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Friday, July 1, 2011
Tackling National Security and Foreign Relations Policy: Seminar on Legal Debates in U.S. International Lawmaking and Foreign Affairs
Each week of the fall semester, Yale Law School Professor Oona Hathaway ’97 meets with eight students in a small seminar room to tackle some of the most complex and pressing issues of national security and foreign relations policy. The seminar’s curricular goal—to examine current legal debates in U.S. international lawmaking and foreign affairs—is served by its format, which includes intensive research, discussion, and drafting of reports. Not just an academic exercise, the students’ work often ends up on the desks of some of the most influential lawmakers in Washington.
The class was born from Hathaway’s own interest in issues of international law. She has served on the Advisory Committee on International Law for the Legal Adviser at the United States Department of State for several years and has contacts in the Senate Foreign Relations Committee as well. “It seemed a natural fit as far as connecting the best and brightest students with the latest work in Washington,” she says of the seminar. The seminar begins each fall when Congressional staff, attorneys in the Legal Adviser’s Office at the Department of State, and nonprofit groups working on issues relating to foreign affairs and international law propose the research topics. “We’re not working for them, but we’re offering to think and write about issues that are of interest to them,” Hathaway explains, stressing that the relationship is an informal one. “Part of what makes our work so valuable is precisely that we are able to approach the issues divorced from any particular institutional role.”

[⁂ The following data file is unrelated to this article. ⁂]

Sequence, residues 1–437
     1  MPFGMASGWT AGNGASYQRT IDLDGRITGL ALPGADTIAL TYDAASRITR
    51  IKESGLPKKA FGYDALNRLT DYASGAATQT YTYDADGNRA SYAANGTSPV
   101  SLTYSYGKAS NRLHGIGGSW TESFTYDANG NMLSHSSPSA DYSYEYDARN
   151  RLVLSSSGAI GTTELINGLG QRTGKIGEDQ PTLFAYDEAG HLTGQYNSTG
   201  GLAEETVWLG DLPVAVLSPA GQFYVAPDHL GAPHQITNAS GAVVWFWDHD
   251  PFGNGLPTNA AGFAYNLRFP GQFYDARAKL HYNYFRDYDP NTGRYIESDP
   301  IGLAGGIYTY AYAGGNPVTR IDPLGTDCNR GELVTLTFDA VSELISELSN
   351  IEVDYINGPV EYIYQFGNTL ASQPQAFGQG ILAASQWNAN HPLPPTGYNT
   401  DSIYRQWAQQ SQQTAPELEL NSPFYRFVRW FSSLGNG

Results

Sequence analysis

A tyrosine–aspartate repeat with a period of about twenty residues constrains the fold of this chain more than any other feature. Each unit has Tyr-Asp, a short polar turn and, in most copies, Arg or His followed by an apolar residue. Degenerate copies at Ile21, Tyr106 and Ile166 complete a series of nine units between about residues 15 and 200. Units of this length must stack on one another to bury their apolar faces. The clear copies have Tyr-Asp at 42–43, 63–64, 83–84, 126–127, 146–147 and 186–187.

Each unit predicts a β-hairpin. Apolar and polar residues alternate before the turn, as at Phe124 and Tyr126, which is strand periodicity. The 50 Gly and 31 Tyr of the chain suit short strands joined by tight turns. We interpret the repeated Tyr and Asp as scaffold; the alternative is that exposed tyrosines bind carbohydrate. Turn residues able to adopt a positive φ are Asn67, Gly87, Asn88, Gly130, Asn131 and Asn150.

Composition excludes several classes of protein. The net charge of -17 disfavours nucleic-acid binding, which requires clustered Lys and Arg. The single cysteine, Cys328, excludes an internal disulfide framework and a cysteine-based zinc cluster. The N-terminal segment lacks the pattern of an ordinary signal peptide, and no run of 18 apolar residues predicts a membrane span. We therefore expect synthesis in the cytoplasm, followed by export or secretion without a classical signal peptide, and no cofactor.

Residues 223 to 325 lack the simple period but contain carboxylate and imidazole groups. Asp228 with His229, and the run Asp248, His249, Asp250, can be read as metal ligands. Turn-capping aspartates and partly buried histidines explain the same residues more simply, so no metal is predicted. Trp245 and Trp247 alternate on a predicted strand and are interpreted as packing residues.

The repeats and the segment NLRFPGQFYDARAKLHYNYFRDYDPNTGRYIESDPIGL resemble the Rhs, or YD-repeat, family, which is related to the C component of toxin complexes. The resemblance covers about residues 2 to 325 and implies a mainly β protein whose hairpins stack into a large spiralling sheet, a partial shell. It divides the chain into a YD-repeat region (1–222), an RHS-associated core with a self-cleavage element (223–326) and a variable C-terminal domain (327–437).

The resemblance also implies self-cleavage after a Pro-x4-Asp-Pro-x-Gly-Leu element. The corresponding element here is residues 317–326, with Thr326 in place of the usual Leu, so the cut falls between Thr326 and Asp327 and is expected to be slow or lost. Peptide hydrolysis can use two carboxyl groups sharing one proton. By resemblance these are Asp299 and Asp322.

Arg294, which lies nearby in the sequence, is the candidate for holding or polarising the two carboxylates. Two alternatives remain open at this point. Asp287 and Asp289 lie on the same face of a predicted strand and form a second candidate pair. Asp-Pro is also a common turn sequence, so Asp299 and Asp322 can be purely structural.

The class takes on eight to ten projects per semester. The students’ work is extraordinarily intensive with thousands of hours of research, discussion, and an average of fifty rounds of revision for each report they draft. (“Students are fantastic about doing the grunt work as well as the glory work,” Hathaway says.) It’s an intense and collaborative process and it’s thoughtprovoking work for Hathaway as well as for her students.
“Often the topics are things I don’t know much about,” she says, “that’s part of what I love about it, because I learn so much. This class has been very generative for my own thinking—especially on the doctrine of the law of war.”
The class also offers students a window to the issues being discussed most vigorously in Washington. Lately, national security law questions have topped the list.
Students from the seminar recently wrote an amicus brief for the Supreme Court case Kiyemba v Obama, a case involving the question of whether a federal judge has the authority to order the release onto U.S. soil of foreign citizens detained by the U.S. military after capture abroad.
The seminar is a melding of both clinical and academic work. Hathaway’s research and writing with the students has resulted in several co-authored articles.